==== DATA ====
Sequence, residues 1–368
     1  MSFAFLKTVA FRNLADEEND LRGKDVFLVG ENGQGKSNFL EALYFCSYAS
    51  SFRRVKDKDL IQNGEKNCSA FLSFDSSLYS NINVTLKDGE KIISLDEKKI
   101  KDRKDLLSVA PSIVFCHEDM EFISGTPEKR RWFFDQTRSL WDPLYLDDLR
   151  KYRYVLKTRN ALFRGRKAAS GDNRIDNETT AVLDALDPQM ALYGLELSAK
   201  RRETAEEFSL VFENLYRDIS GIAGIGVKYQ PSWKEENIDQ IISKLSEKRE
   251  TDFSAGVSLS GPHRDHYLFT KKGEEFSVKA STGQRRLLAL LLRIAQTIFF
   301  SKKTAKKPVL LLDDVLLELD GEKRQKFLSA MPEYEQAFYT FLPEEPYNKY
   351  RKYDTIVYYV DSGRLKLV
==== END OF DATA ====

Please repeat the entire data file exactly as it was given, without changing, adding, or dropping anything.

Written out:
Sequence, residues 1–368
     1  MSFAFLKTVA FRNLADEEND LRGKDVFLVG ENGQGKSNFL EALYFCSYAS
    51  SFRRVKDKDL IQNGEKNCSA FLSFDSSLYS NINVTLKDGE KIISLDEKKI
   101  KDRKDLLSVA PSIVFCHEDM EFISGTPEKR RWFFDQTRSL WDPLYLDDLR
   151  KYRYVLKTRN ALFRGRKAAS GDNRIDNETT AVLDALDPQM ALYGLELSAK
   201  RRETAEEFSL VFENLYRDIS GIAGIGVKYQ PSWKEENIDQ IISKLSEKRE
   251  TDFSAGVSLS GPHRDHYLFT KKGEEFSVKA STGQRRLLAL LLRIAQTIFF
   301  SKKTAKKPVL LLDDVLLELD GEKRQKFLSA MPEYEQAFYT FLPEEPYNKY
   351  RKYDTIVYYV DSGRLKLV